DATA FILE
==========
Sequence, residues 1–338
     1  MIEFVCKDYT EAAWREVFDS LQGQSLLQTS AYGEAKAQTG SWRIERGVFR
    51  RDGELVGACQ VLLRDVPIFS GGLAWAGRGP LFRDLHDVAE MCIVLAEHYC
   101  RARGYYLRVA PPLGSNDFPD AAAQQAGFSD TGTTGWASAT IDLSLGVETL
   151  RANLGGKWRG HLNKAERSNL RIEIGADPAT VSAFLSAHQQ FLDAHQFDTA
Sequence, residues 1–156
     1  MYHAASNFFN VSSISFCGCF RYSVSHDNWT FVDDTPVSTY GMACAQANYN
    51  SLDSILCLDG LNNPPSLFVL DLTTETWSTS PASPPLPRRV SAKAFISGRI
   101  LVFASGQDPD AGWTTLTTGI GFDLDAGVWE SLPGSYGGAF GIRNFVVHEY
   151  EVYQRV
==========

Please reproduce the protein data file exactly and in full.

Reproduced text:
Sequence, residues 1–338
     1  MIEFVCKDYT EAAWREVFDS LQGQSLLQTS AYGEAKAQTG SWRIERGVFR
    51  RDGELVGACQ VLLRDVPIFS GGLAWAGRGP LFRDLHDVAE MCIVLAEHYC
   101  RARGYYLRVA PPLGSNDFPD AAAQQAGFSD TGTTGWASAT IDLSLGVETL
   151  RANLGGKWRG HLNKAERSNL RIEIGADPAT VSAFLSAHQQ FLDAHQFDTA
Sequence, residues 1–156
     1  MYHAASNFFN VSSISFCGCF RYSVSHDNWT FVDDTPVSTY GMACAQANYN
    51  SLDSILCLDG LNNPPSLFVL DLTTETWSTS PASPPLPRRV SAKAFISGRI
   101  LVFASGQDPD AGWTTLTTGI GFDLDAGVWE SLPGSYGGAF GIRNFVVHEY
   151  EVYQRV